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Week One Of Manafort's Trial: Lavish Lifestyle And Falsified Documents

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Week One Of Manafort's Trial: Lavish Lifestyle And Falsified Documents
The prosecution started to build its case and present evidence that Paul Manafort allegedly hid overseas bank accounts and lied on official documents.
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The first week of Paul Manafort's trial for bank and tax fraud charges is complete. 

After opening statements on Tuesday, the prosecution started to lay out its evidence. Lawyers are trying to show the jury how Manafort allegedly lied on official documents, hid overseas bank accounts and falsified tax forms. 

Notable witnesses included Manafort's longtime bookkeeper Heather Washkuhn. She testified that in 2016, Manafort lied to banks about how much money he made and sent them phony invoices.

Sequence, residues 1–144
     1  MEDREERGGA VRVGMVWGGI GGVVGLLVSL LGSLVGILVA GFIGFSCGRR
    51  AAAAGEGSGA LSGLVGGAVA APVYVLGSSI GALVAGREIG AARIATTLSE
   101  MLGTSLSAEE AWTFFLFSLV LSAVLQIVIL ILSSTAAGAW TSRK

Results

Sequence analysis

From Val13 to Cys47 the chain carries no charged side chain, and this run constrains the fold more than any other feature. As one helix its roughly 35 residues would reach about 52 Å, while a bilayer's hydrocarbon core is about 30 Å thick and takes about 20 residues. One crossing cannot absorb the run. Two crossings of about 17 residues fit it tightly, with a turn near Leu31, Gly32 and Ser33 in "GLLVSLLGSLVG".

Philip Ayliff, an accountant who prepared Manafort's taxes, told the jury Manafort lied about his foreign bank accounts and didn't list them on his tax forms. 

And one of the five witnesses who was granted immunity testified Friday that she knowingly filed falsified tax returns to reduce the amount of taxes Manafort needed to pay. 

A group of witnesses testified about Manafort's lavish lifestyle. Prosecutors allege he used the money he made overseas to fund his expensive tastes, including almost $1 million on suits and $15,000 on an ostrich leather jacket.

Someone who didn't testify this week: Rick Gates, Manafort's former business partner. Gates is expected to be a star witness for the prosecution. 

The government will continue calling witnesses Monday and is expected rest its case sometime next week. 

After the trial in Virginia is complete, Manafort will face another set of charges from special counsel Robert Mueller's office. The trial in that case is expected to begin Sept. 17.

Additional reporting from Newsy affiliate CNN